Nope, I’m not talking about getting married – I’m talking about Salvadoran Casamiento.

“Casamiento” means “wedding” and it’s the name of a bean and rice dish in El Salvador. Although Casamiento is usually made from leftover beans and rice which are mixed together, it can also be made from scratch. I made a video showing all the steps – from making a simple pot of plain, white rice, to making a pot of Salvadoran beans, to then combining them along with some other ingredients to create Casamiento.

Because Casamiento is usually eaten with Platanos Fritos and Crema, I decided to throw that recipe in the video as well… So here’s the video, and the recipes are typed up below, too.

Plain, White Rice

You need:

1 tablespoon canola oil
1 cup rice (Salvadorans traditionally use white rice. I use Jasmine.)
1 3/4 cups water
a little less than 1 teaspoon salt

Directions: Heat oil in a medium pot. Add rice and stir around for a minute or two. (Do not brown the rice.) Add the water and salt. Stir just to distribute the salt and then no more stirring after that! Bring to a boil. Cover and lower heat to low. After 12 minutes your pot of rice should be ready. Uncover and fluff with a fork. If using for Casamiento, set aside or refrigerate when cooled.

Salvadoran Beans

You need:

1 lb. beans (these can be black beans or Salvadoran red beans/frijoles rojos de seda.)
1 medium onion, peeled and cut in quarters
a few cloves of garlic, peeled

Directions: Pour beans into a large pot. Cover with water to rinse. Remove any debris or shriveled beans. (I don’t usually find anything to remove but it’s just a precaution.) Drain water and add fresh water to cover.

Now you have a choice – If you want to cook the beans as soon as possible, you can do a “quick soak.” Bring the beans and water to a boil, then cover and remove from heat. Let beans sit for one hour. This is a quick soak and your beans are now ready to cook.

If you aren’t in a hurry, you can simply cover the beans (without heating the water), and let them sit overnight. The beans will be ready to cook in the morning.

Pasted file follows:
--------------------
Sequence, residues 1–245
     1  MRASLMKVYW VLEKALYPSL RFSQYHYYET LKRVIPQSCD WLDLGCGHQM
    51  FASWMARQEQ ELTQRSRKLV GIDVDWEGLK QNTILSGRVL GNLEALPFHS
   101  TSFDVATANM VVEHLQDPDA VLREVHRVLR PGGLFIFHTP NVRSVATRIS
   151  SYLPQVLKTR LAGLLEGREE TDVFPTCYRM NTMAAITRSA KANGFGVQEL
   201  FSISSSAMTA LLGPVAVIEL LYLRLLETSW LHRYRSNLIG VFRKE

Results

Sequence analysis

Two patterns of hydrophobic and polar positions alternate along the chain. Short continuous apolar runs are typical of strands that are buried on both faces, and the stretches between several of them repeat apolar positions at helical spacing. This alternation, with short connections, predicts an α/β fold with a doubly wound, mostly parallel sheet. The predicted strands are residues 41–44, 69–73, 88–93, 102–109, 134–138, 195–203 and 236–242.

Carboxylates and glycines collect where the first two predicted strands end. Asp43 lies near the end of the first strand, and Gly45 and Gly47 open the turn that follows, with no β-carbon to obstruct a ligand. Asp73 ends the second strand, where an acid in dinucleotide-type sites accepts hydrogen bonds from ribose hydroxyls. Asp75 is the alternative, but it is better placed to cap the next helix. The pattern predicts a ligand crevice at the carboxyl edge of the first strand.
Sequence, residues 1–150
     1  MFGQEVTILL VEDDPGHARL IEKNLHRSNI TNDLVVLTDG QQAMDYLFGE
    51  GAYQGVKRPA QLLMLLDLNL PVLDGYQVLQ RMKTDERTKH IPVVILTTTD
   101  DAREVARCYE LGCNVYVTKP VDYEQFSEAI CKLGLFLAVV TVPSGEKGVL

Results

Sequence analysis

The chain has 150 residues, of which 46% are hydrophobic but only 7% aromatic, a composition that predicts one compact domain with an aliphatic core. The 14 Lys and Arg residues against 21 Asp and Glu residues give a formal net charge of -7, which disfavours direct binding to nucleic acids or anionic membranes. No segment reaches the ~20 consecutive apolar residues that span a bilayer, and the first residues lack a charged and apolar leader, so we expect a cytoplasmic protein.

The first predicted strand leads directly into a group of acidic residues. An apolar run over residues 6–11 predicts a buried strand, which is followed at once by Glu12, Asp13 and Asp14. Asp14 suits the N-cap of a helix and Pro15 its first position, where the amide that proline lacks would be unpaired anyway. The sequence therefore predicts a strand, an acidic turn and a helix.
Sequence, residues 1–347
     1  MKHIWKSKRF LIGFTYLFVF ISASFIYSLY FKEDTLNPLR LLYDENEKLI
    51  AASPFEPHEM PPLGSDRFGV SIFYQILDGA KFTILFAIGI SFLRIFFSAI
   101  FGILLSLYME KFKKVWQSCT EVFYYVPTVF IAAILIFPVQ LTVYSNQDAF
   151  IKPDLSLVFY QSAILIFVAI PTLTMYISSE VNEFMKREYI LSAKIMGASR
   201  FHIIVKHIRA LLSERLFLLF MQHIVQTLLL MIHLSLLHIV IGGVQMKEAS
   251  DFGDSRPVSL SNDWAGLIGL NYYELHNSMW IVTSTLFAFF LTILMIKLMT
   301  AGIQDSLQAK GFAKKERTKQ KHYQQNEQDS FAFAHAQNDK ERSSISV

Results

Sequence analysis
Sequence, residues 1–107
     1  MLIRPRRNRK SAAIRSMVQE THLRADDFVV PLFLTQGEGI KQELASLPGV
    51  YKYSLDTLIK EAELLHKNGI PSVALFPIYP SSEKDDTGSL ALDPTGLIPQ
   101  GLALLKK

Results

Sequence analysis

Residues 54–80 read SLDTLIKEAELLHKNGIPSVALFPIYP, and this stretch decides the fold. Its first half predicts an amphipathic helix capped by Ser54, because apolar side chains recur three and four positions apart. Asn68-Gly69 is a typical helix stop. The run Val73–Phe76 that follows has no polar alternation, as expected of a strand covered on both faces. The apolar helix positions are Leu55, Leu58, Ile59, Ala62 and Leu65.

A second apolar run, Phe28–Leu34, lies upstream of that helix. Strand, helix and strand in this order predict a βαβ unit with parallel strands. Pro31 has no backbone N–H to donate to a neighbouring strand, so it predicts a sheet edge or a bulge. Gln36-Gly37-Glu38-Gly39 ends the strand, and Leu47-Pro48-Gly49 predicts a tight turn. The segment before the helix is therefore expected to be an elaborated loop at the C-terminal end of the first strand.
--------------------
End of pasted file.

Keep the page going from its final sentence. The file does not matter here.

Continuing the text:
Once your beans have either been through the “quick soak” process, or have sat overnight, you’re ready to cook them. Drain the water and add fresh water again. Make sure the water covers the beans by about a half inch. Add the onion and garlic to the pot. Simmer the beans covered until tender. This can take up to five hours and you must frequently check the beans to make sure they have enough water. Add water when needed and do not let the beans cook dry or they will burn. NOTE: Do not add salt until the beans are completely done cooking. If you add salt while the beans are hard, they will not soften. When the beans are tender, add salt to taste.


You need:

3/4 cups green pepper, diced
1 large roma tomato, diced
1/2 cup onion, diced
1 to 2 tablespoons canola oil
2 cups cooked rice
1 cup cooked beans
1/2 cup bean broth (the liquid from cooking the beans)
salt, to taste

Directions: Add the green pepper, tomato and onion to oil in a medium pot. Cook over medium heat until onion and green pepper become tender. Add in the rice, beans and bean broth. (If you prefer a drier Casamiento, use a little less bean broth.) Mix until combined. Remove from heat. Add salt to taste.

Note: The green pepper, tomato and onion are all optional.

Platanos Fritos

You need:

1 platano, (should be yellow with many black markings)
oil for cooking


Use a sharp knife to cut off the ends of the platano. Slice through the peel length-wise to remove. Slice the platano in circles or quarters length-wise. Fry in a tablespoon or two of oil, flipping to brown both sides. Remove to a plate covered in a paper towel to drain. Serve with crema. (If you don’t have Salvadoran crema available near you, sour cream will do.)


  1. Yum! We have yet to have a traditional Salvadoran breakfast here but now it’s a priority! Great video too — it looks really simple and very well put together, but I’m sure it was much more complicated to shoot and edit (and cook!) than it looks.

  2. You made me hungry… and I’m ravenous with breastfeeding these days! I should introduce our brand new Chinese-Canadian-French baby to Latino fares, after all he was “made in Central America” or Mexico!

  3. El casamiento no lleva tomate ni chile verde y la cebolla se dora primero con el aceite luego Se retira de la olla se pone la misma cantidad de arroz y frijoles con mucho jugo o sopa !!

    • Gracias por compartir su manera de hacer casamiento. Mi esposo prefiero el casamiento más seco, no con mucho jugo/sopa — por eso pongo menos. Y pongo chile verde y tomate por añadir vitaminas, pero es completamente opcional.


    • So happy to hear it, Melissa! I made a pot of beans a week ago and at least half of it ended up as casamiento at breakfast time :)

  4. Hi Tracy! I was wondering if it is normal to add like cooked stewed beef in with the casamiento? Or is casamiento typically vegetarian? Thanks!

  5. I’m like devouring this blog, and always talking about it to my mom. She just asked me if you can cook and more importantly, que puede hacer sopa de frijoles? I can now safely say that, yes you can!

  6. My mom and grandmother – both born and raised in El Salvador – “married” the beans and rice – hence the casamiento – by blending them in a blender after cooked. Then transferring back to a pan to refry the beans.

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